April 8 (Bloomberg) -- AO Astana Finance, the Kazakh financial company that defaulted in 2009, said it plans to delay completion of its debt restructuring for a second time as it struggles to win an exemption on corporate income tax.
“We plan to extend a restructuring regime” as the company makes a case to the government for amending Kazakh law and freeing it from a tax payout of as much as $400 million on expected profit from writedowns and the debt overhaul, Daniyar Nurskenov, a managing director at the Astana-based company, said by phone today.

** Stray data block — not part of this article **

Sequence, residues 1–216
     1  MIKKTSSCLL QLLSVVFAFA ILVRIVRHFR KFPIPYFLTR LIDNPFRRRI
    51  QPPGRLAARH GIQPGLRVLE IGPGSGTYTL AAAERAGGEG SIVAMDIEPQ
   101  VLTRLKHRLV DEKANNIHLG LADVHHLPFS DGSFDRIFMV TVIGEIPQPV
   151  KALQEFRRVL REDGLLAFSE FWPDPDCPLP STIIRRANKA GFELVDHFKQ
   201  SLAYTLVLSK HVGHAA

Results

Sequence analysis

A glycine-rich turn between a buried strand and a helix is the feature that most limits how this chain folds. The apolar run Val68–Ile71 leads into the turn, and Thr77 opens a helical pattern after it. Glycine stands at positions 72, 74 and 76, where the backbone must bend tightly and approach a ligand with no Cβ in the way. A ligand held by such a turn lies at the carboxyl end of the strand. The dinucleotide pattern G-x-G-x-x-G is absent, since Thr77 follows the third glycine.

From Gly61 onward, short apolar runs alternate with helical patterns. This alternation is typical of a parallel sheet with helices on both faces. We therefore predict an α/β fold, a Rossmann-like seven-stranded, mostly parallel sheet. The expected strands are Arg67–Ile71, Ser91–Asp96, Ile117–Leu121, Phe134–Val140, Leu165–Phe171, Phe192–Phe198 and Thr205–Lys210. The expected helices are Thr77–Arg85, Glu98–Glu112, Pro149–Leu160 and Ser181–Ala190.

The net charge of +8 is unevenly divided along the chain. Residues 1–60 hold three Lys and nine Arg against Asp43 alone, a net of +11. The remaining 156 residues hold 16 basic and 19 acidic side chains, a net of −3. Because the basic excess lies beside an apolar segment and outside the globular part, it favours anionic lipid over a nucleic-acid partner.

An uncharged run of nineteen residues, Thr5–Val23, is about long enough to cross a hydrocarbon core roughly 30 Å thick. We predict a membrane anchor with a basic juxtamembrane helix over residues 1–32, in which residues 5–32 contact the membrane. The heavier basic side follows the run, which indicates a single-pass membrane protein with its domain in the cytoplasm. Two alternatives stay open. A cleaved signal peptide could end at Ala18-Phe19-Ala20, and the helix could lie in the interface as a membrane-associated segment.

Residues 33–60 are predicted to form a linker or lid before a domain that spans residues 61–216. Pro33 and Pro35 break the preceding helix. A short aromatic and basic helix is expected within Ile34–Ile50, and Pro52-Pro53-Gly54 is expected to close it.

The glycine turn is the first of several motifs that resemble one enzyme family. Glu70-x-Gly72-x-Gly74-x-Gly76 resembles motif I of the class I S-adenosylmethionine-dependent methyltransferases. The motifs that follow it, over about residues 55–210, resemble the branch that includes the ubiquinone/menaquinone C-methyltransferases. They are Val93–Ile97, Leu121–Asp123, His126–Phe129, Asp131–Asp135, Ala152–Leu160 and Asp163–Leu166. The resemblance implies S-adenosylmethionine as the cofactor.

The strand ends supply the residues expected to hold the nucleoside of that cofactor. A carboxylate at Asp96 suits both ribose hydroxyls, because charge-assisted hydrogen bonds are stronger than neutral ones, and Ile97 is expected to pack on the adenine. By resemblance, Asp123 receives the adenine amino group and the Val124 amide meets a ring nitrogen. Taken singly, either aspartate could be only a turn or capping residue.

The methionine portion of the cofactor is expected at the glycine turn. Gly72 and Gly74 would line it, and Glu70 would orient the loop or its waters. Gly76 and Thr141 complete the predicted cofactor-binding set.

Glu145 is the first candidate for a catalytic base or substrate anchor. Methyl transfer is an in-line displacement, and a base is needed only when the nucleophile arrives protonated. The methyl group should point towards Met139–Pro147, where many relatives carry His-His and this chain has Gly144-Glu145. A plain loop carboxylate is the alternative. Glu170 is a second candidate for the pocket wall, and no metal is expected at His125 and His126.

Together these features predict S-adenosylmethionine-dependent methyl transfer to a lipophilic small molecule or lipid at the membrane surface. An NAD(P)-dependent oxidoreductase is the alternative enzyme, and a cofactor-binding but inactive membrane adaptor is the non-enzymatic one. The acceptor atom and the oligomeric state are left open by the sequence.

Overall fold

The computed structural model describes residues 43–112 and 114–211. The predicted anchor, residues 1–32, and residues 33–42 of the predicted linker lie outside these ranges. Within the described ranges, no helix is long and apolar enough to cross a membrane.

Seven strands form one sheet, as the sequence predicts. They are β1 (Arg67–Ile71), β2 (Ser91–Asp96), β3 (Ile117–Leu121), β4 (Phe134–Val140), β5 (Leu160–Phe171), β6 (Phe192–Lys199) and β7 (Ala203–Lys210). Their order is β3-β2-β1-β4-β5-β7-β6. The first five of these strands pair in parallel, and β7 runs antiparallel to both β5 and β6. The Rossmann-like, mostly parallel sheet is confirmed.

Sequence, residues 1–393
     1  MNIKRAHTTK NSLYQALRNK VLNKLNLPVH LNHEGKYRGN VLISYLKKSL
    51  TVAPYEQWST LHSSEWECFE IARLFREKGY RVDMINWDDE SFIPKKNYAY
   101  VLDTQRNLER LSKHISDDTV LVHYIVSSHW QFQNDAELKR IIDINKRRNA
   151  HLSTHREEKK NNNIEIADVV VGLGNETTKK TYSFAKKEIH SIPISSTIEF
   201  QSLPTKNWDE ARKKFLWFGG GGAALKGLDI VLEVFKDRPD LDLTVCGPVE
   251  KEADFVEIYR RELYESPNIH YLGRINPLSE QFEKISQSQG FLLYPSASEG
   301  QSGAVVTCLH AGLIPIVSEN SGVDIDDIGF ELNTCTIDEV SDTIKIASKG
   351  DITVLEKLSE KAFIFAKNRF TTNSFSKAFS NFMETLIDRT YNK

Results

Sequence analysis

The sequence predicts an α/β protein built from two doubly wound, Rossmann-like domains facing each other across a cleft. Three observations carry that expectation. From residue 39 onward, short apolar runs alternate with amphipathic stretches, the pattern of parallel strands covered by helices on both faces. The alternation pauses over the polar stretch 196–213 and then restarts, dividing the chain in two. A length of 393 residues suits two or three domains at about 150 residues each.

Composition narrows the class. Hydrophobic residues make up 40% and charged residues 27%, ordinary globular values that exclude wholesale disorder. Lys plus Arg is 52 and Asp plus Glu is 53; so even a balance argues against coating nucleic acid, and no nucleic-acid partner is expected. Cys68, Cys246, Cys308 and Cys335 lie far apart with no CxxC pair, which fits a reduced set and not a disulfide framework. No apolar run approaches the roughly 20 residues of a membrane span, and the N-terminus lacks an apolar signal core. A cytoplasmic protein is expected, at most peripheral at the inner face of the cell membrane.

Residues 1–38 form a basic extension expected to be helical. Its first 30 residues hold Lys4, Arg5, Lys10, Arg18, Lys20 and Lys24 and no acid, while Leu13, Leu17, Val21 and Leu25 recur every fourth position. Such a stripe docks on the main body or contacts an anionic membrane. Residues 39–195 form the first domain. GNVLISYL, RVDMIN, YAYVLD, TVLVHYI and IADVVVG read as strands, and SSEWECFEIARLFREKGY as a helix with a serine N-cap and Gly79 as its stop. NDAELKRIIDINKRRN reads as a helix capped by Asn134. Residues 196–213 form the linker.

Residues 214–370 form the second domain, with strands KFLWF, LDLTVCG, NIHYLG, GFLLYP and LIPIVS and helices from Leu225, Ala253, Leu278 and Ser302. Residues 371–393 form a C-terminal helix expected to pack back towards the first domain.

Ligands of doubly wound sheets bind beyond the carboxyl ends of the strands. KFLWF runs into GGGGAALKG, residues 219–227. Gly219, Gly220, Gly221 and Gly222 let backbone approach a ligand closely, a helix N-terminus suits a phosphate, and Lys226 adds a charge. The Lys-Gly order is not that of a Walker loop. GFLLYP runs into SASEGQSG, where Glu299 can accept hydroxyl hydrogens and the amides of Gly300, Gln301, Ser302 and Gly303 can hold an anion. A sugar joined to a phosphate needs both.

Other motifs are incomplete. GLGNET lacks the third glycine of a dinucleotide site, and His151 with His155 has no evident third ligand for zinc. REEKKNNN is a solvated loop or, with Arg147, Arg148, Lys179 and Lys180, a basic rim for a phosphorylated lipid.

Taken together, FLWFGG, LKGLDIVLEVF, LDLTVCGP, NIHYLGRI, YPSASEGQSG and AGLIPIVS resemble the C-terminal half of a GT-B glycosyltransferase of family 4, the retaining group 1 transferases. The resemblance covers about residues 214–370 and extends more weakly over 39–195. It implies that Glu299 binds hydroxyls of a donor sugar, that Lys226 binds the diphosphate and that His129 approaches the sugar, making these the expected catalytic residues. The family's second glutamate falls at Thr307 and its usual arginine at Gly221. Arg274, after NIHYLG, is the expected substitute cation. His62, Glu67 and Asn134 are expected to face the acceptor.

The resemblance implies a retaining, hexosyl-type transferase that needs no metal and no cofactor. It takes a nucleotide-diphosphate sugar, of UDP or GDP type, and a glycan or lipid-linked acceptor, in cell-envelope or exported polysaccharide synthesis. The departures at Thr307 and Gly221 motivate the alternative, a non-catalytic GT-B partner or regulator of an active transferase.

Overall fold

It’s a “big sum” that may scuttle the restructuring if Astana Finance is forced to make the payment, he said. The company defaulted after it stopped servicing its international debt in May 2009 as the central Asian nation slipped into its first recession in a decade.
The company, whose creditors backed a plan to restructure $1.9 billion of debt in June, planned to complete the restructuring last year before delaying it until the end of March, according to Nurskenov. Astana Finance creditors holding 79.6 percent of the company’s debt approved the plan in Almaty on June 29, 2012. The government owns 25.5 percent of the company, Kazakhstan Stock Exchange data show.
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